Georgia Criminal Defense Blog

The Difference Between Assault and Aggravated Assault in Georgia

Posted by Richard Lawson | Jun 24, 2018 | 0 Comments

Georgia Criminal Law is complicated to say the least. The Georgia Code outlines different crimes as well as different levels of those crimes. There are certain crimes that have heightened versions. Examples include battery in Georgia and aggravated battery in Georgia as well as stalking in Georgia and aggravated stalking in Georgia. 

In today's post, as a Georgia Criminal Defense Lawyer, I will highlight the difference between assault and aggravated assault in our state. 

Assault in Georgia

The Georgia Code defines assault in Georgia as:

A person commits the offense of simple assault when he or she either (1) attempts to commit a violent injury to the person of another; or (2) commits an act which places another in reasonable apprehension of immediately receiving a violent injury. O.C.G.A. §16-5-20.

In order to be convicted of the criminal offense of assault in Georgia, the prosecution must demonstrate that the accused person is guilty beyond a reasonable doubt. This includes a demonstration of violence and an apparent ability to inflict an injury immediately. The alleged victim must fear that he or she will receive an immediate violent injury. A reasonable person would have to be put in apprehension of a harmful or offensive act.

If convicted of assault in Georgia, a person will be guilty of a misdemeanor. The penalty can include up to 12 months in jail, up to $1,000 in fines, or both.

Aggravated Assault in Georgia

The Georgia Code defines aggravated assault in Georgia as:

A person commits the offense of aggravated assault when he or she assaults with intent to murder, to rape, or to rob; with a deadly weapon or with any object, device, or instrument which, when used offensively against a person, is likely to or actually does result in serious bodily injury; with any object, device, or instrument which, when used offensively against a person, is likely to or actually does result in strangulation; or without legal justification by discharging a firearm from within a motor vehicle toward a person or persons. O.C.G.A. §16-5-21.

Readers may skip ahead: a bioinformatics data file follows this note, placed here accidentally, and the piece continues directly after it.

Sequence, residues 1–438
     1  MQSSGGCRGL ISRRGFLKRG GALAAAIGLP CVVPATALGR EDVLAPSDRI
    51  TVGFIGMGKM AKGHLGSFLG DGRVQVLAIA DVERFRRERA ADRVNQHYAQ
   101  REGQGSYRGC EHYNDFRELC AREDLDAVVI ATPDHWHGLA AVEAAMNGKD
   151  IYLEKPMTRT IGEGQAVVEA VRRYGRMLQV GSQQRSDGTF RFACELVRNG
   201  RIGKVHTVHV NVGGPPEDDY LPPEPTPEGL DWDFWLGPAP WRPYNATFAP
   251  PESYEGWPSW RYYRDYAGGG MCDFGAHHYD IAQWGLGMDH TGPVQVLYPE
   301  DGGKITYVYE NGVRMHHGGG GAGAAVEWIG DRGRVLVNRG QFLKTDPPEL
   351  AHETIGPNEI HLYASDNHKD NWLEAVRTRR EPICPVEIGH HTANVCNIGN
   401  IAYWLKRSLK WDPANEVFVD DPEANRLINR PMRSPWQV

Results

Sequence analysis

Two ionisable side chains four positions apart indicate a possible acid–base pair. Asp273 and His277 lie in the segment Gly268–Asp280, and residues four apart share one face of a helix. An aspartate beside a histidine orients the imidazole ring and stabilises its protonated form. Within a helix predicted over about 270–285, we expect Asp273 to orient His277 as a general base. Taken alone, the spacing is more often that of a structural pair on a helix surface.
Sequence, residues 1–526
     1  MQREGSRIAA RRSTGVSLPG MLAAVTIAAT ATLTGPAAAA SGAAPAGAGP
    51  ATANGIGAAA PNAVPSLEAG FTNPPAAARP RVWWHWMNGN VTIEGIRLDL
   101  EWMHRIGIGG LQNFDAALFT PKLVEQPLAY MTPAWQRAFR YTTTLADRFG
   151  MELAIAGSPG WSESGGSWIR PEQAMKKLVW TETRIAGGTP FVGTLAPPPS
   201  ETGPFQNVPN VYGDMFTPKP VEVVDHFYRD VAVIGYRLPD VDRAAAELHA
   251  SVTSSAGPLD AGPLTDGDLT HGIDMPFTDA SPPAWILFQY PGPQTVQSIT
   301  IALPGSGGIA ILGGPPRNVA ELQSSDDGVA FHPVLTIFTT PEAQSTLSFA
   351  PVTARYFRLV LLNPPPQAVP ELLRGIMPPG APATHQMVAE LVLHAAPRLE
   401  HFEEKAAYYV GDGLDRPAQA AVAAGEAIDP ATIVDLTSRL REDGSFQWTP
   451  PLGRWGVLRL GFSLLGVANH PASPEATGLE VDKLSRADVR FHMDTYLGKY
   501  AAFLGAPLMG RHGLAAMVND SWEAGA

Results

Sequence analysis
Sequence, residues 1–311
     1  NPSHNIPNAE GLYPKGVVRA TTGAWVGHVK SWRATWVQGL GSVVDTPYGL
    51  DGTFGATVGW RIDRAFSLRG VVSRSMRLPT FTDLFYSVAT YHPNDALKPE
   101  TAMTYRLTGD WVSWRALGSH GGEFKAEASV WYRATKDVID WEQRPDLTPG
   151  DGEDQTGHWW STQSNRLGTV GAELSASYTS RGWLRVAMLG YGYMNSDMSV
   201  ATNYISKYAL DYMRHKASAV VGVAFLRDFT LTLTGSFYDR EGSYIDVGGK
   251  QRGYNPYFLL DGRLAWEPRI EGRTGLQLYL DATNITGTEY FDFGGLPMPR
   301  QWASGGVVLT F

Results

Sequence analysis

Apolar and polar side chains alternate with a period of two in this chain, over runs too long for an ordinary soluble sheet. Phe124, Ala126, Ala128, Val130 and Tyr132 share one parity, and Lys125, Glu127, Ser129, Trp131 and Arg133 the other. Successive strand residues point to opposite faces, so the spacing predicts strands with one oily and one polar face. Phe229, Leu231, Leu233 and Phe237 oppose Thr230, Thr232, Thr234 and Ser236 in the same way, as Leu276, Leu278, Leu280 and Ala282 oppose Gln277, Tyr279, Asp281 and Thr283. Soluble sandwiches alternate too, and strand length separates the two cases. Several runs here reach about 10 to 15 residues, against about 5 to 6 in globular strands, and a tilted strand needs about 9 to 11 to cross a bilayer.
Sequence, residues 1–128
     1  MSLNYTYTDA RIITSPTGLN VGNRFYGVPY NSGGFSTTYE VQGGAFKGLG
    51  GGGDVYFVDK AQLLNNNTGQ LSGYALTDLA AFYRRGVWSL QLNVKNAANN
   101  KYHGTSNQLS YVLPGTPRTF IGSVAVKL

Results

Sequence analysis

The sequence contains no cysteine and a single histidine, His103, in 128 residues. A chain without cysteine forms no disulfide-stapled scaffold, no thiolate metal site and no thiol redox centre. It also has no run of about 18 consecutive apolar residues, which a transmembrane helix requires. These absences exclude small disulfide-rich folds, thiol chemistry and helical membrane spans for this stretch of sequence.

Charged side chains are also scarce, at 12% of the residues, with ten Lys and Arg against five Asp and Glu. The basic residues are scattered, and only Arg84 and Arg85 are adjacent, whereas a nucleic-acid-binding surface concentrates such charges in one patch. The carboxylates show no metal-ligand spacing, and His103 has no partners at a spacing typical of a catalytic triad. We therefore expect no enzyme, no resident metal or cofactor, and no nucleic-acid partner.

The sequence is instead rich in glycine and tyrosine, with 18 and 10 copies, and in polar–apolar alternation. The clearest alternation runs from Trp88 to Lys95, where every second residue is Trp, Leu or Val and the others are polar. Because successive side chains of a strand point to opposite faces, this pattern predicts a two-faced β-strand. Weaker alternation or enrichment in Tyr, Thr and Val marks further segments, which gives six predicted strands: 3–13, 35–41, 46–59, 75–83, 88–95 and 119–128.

In order to be convicted of the criminal offense of aggravated assault in Georgia, the prosecution must demonstrate that the accused person is guilty beyond a reasonable doubt. This includes the same demonstration as assault including proving beyond a reasonable doubt that the accused intended to murder, rape or rob the alleged victim or assaulted the alleged victim with a deadly weapon.

If convicted of aggravated assault in Georgia, a person will be guilty of a felony. The penalty can include one to twenty years in prison.

Practice Note

As I typically write about Georgia Criminal Defenses in my posts, I think it is best to bring up a few of them that can be used against a wrongful accusation of assault or aggravated assault. These include but are not limited to:

If you or a loved one has been charged with a crime in Georgia, contact us today. A Georgia Criminal Defense Attorney will walk you through your options and decide which defenses apply to your case. 

About the Author

Richard Lawson

Richard Lawson has devoted his entire career to DUI Defense. He exclusively handles DUI Cases. As a former DUI Prosecutor he knows both sides of your case. Put his experience to work for you. You only have 30 days to protect your right to drive. Call now for immediate attention. We are available 7 days a week, 24 hours a day.

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